Prayer, affirmation, declaration, and intention, increasing numbers of people are opening themselves to forms of devotion such as these. All represent the desire or will for a specific result or change. Although the power of prayer may be fully understood only by those who experience it, the purpose of prayer is to open a channel to the divine and, in faith, to give our troubles to God.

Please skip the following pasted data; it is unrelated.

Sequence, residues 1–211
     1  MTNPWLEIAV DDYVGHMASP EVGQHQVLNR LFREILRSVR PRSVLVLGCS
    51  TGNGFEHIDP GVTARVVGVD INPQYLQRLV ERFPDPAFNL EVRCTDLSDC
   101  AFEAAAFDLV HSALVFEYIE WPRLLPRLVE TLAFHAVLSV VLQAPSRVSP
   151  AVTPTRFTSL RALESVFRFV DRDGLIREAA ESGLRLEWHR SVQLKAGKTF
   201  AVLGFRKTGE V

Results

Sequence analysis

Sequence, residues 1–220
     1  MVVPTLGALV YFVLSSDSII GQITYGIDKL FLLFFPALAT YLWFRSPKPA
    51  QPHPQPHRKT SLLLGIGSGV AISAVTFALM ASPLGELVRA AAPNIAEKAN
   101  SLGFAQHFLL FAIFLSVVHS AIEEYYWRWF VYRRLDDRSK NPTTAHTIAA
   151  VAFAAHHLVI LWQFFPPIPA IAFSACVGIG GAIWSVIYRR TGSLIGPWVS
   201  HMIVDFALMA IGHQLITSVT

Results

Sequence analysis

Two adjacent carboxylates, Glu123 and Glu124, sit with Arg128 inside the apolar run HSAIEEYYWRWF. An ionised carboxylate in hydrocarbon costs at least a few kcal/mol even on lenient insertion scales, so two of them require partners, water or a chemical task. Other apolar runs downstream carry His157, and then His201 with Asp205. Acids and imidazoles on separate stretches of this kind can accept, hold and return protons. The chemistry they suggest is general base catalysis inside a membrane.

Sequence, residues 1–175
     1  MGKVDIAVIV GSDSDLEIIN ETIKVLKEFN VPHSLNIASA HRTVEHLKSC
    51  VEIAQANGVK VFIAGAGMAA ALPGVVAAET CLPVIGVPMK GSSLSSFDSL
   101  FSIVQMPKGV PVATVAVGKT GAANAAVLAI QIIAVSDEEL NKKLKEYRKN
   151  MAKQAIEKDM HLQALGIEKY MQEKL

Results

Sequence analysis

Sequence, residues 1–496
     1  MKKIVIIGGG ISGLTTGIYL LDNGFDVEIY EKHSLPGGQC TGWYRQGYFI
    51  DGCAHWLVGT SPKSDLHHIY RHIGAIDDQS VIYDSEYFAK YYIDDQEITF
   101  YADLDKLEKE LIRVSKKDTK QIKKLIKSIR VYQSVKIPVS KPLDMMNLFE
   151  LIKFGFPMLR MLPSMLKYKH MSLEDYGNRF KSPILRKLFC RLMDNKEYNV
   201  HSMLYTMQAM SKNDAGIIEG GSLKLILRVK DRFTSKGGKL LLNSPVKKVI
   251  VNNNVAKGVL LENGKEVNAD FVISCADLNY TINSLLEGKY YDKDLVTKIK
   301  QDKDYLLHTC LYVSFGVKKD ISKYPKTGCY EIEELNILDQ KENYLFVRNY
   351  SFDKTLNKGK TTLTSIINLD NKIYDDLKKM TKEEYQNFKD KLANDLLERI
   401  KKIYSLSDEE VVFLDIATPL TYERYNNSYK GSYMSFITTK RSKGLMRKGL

A novena is a prayer repeated to obtain a requested intention or spiritual grace. Frequently said when one is in a desperate or hopeless state, when all else fails, recitation of a novena and adherence to its rules of repetition can be the act of sacrifice necessary to invoke a power greater than our own. It can express one’s willingness to accept divine intervention in the solution of a problem. The repetition of the prayer helps to gradually clear the mind of all distraction in order to put its focus on the requested intention. Not only is it a spiritual sacrifice, but it is also a way to allow the subconscious to face a real problem and to consider solutions for it.